Spoutin' Off: Whether Zune or iTunes, tune's same

By Michael E. Rau


September 4, 2006

It appears that the online music wars continue to be fought on many fronts. There are three reports in particular, which I'd like to focus on today.

The first item - and this was actually first announced over a month ago - is that Microsoft is creating a device and accompanying download service to sell music downloads a la Apple's iPod and iTunes store. The device itself will be manufactured by Toshiba and marketed under the "Zune" name, which is Microsoft's brand for its new devices and service.

From what I've read, the only thing that makes this interesting is that the device will apparently network with other "Zune" devices over a wireless connection, enabling users to share photos, music, and videos through that method.

Industry buzz indicates that Apple is planning to introduce a similarly enabled wireless iPod sometime in the near future, but nothing's been officially announced.

The bad news is that, like the iPod, music downloads sold for this device will be in a proprietary format - in the case of the Zune, it's WMA - and won't be playable on other devices that don't run Windows Media software.

As I've said before, I don't buy music from the iTunes store because I won't pay for any digital media file in a proprietary format.

Apple's already gotten into trouble with the European Union over their FairPlay Digital Rights Management scheme. Considering that Microsoft already has legal issues with that same governmental body over anti-trust issues, they might have learned something from their own troubles, as well as Apple's, and chosen a more palatable method for distribution.

I can't speak for the Zune device itself as to whether it's comparable to the iPod in quality and ease of use - that remains to be seen - but based on what's been reported, I can no more recommend buying music from Microsoft than I can from Apple.

My recommended source for music downloads remains eMusic (40 downloads per month for $9.95, and no DRMs).

Speaking of music downloads; my second "music wars" item is about a new service that is offering song downloads for free - yes, free.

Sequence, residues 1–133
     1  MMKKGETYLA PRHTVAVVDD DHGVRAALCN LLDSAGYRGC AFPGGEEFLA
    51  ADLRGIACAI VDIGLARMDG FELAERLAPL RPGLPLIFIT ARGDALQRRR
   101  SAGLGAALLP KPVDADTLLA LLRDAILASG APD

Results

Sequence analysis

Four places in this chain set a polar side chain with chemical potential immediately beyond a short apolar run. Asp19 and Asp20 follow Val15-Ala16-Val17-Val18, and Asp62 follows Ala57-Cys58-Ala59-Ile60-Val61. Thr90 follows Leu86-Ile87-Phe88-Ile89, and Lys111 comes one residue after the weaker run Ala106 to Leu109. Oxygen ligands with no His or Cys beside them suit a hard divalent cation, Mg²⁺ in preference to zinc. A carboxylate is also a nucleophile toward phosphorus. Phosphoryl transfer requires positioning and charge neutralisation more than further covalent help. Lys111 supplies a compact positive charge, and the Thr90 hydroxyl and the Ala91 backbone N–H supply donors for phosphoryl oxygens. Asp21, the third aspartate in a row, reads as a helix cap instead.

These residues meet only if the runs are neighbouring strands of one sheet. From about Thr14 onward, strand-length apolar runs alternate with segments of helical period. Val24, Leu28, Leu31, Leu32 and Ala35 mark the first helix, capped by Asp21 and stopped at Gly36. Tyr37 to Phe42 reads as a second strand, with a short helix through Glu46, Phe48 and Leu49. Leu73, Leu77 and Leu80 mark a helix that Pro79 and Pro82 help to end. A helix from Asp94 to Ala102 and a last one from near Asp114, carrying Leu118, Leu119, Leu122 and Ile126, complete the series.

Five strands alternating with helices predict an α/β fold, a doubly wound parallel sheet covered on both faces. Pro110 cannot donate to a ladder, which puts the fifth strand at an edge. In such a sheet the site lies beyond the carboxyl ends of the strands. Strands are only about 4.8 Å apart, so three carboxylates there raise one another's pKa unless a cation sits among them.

OK. We all know nothing is truly free, and this new service, offered by a company called SpiralFrog, is no exception.

First, SpiralFrog is currently only offering songs from the Universal Music Group catalog. UMG has a huge inventory, including dozens of major artists, but it's only one of the four major music distributors (SpiralFrog says it's in negotiations with the others).

Second - and this is the big tradeoff - in order to download songs, the service requires you to watch a commercial or two first. These are commercials just like you'd see anyplace else, but here, you have to watch them before you can download a song. You'll also have to log on to their site and watch a certain number of advertisements every month in order for the songs you've downloaded to remain unlocked. If you don't, these files become useless.

Third, none of these files can be burned to a CD or transferred to a portable music player - you can only listen to them on your computer.

As for me, I think I'd rather pay a little bit and use my music files as I danged well please, thank you very much.

Now, I'm no pirate, and in fact I've been a pretty vocal opponent of piracy over the years, but the third item in my "music wars" news wrap demonstrates the level of frustration experienced by consumers of digital downloads over DRM schemes and the limitations imposed by them.

The folks over at CNET are reporting on two new pieces of software which have recently emerged that allow users to strip the DRM tools that Apple and Microsoft use in their media systems. One targets FairPlay and the other, the Windows Media DRM.

I have mixed feeling about applications such as this. My question is: If you buy and download a song, and then strip out the DRM in order to allow you to play the song through a method or device other than one specified by the download distributor, have you really done anything wrong?

The answer, technically, is yes, if you have to agree to conditions that include not altering the downloaded file in any way. Most download services require such an agreement.

This is a true battlefront as the hackers keep finding ways to crack the DRMs and the digital music and video distributors keep patching the cracks. The real risk comes from one of these companies making the process so onerous that the whole experience of purchasing and using digital downloads becomes too miserable to tolerate.

I continue to believe that DRMs are one of the worst ideas to ever bubble up from the developers of techno-gizmos.

No one should steal digital media, but neither should these companies steal our freedom to enjoy what we've purchased in the manner we choose.

Michael Rau is a mass-communications consultant in Virginia Beach. To send feedback or view past columns, go to http://dailypress.asoundidea.com.

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